Death toll rises to 44 in California deadly wildfires

California fire

Forty-four persons are feared dead in the inferno that ravaged the wooded town of Paradise in northern California, becoming the deadliest wildfire in the state’s modern history.

Thousands of firefighters on Monday spent a fifth-day digging battle line to contain the “Camp Fire” in the foothills of the Sierra Nevada Mountains north of Sacramento, while search teams were on a grim mission to recover the dead.

The Butte County sheriff, Kory L. Honea, said more than 200 people are still missing as a result of the fire.

“As of today, an additional 13 human remains have been recovered, which brings the total number to 42.

“My sincere hope is that I don’t have to come here each night and report a higher and higher number,” Honea said at a news conference on Monday night.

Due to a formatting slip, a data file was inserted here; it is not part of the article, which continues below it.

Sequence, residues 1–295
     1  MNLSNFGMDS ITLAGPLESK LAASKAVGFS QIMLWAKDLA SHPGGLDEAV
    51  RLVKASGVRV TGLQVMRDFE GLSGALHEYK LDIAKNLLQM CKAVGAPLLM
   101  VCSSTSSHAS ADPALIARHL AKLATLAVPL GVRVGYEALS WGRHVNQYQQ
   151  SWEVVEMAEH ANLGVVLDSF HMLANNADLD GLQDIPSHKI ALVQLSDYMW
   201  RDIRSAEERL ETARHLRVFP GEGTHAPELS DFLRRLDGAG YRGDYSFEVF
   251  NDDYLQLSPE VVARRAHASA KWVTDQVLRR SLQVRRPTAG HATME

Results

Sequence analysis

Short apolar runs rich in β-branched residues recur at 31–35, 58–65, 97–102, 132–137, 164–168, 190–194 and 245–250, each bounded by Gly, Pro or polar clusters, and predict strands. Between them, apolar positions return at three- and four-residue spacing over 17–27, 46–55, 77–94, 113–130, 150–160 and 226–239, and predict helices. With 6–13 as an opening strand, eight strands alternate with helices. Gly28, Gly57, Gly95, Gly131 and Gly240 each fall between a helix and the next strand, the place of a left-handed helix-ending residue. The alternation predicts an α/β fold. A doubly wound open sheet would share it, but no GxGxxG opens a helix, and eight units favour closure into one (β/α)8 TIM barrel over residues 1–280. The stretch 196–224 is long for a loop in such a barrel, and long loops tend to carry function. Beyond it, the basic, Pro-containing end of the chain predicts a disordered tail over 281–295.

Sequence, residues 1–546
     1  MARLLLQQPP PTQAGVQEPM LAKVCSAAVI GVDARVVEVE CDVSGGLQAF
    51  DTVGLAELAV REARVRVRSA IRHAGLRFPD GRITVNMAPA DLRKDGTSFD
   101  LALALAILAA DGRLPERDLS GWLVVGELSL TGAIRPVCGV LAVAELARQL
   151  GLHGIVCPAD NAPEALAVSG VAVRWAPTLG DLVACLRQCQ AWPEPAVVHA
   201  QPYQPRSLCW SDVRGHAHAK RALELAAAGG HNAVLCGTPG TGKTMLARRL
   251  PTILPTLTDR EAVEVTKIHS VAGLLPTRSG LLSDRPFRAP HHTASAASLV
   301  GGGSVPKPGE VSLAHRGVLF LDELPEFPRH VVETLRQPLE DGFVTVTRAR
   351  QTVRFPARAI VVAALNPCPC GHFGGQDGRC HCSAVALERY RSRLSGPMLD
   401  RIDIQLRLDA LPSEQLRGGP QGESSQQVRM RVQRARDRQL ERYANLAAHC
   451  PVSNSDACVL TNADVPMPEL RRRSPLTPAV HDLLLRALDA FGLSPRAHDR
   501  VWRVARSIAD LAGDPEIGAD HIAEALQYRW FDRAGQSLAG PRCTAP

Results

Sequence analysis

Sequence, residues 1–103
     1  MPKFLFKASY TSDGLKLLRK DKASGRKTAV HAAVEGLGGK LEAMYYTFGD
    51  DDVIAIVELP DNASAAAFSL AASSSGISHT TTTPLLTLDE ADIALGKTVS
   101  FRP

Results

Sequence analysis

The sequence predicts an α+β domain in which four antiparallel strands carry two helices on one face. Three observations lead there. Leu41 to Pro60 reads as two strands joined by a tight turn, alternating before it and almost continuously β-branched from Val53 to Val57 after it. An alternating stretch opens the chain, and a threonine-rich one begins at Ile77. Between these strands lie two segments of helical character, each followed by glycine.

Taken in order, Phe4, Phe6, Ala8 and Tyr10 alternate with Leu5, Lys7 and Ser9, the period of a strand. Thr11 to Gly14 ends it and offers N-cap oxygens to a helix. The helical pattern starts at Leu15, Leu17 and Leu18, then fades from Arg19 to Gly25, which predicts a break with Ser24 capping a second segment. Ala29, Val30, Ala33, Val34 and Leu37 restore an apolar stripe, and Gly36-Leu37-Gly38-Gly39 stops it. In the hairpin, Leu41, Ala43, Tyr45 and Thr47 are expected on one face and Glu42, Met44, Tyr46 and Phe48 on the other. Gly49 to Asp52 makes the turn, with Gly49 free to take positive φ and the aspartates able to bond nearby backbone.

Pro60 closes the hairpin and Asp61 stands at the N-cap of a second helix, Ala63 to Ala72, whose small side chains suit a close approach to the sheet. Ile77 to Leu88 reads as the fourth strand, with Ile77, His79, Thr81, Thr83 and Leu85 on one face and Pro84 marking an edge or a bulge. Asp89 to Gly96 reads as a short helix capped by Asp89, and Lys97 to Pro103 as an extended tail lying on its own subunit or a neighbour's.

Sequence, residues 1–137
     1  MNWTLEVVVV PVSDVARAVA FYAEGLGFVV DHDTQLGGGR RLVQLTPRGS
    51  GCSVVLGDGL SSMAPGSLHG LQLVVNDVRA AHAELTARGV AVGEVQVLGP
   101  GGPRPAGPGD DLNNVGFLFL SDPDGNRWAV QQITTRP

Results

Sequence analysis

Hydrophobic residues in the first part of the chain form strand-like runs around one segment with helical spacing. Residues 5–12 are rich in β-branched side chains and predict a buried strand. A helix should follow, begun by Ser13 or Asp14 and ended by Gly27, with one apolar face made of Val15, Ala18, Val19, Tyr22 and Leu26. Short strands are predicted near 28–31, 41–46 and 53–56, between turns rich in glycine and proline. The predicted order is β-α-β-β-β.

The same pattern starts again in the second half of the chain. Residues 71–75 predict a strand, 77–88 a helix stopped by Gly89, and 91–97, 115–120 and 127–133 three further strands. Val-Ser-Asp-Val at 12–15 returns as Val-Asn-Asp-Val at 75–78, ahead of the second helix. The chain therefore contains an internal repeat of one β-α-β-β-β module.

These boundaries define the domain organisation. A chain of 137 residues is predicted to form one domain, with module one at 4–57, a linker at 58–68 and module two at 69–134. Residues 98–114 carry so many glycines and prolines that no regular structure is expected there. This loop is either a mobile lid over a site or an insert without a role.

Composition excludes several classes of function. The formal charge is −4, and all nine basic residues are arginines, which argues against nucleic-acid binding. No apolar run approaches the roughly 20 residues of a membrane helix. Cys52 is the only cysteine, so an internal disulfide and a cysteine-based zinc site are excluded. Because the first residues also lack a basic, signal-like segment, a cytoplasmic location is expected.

“The blaze is the deadliest wildland fire in California history,” Honea added.

The fire, which continues to rage in the hills and ravines east of the city of Chico, is also the most destructive fire in California history, with more than 7,100 structures destroyed.

Although it is difficult to be certain due to inconsistencies in record keeping and categorization, the Camp Fire appears to be the deadliest American wildfire in a century since the Cloquet Fire which killed an estimated 1,000 people in Minnesota in 1918.

The Camp Fire is the largest of several infernos that have sent a quarter of a million people fleeing their homes across the tinder-dry state, with winds of up to 60 miles (100 kilometres) per hour fanning the fast-moving flames.

In addition to the historic loss of life, the Camp Fire blaze is also more destructive than any other on record, having razed 6,500 homes in the town of Paradise, effectively wiping it off the map.